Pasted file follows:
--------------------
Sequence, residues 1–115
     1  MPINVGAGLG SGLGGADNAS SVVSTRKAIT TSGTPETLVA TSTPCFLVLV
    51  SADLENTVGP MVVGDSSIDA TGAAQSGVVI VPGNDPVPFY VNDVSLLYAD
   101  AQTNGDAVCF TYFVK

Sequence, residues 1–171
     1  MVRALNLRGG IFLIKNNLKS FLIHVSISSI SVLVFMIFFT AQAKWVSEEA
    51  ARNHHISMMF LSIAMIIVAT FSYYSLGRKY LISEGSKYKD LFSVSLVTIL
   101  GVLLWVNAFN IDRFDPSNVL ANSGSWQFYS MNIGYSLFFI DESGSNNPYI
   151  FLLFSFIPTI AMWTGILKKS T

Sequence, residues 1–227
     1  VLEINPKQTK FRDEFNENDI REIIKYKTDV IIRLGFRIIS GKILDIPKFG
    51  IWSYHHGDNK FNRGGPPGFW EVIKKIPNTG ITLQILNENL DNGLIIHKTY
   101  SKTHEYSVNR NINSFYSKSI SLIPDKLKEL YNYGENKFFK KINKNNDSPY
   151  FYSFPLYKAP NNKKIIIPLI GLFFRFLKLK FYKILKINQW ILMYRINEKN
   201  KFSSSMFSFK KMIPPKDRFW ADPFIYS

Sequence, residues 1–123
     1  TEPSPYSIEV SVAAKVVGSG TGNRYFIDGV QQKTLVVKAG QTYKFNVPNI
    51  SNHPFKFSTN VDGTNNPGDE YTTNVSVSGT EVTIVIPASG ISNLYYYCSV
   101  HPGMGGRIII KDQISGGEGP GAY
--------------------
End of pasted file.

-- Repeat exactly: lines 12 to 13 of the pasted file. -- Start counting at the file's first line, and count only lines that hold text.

    51  IWSYHHGDNK FNRGGPPGFW EVIKKIPNTG ITLQILNENL DNGLIIHKTY
   101  SKTHEYSVNR NINSFYSKSI SLIPDKLKEL YNYGENKFFK KINKNNDSPY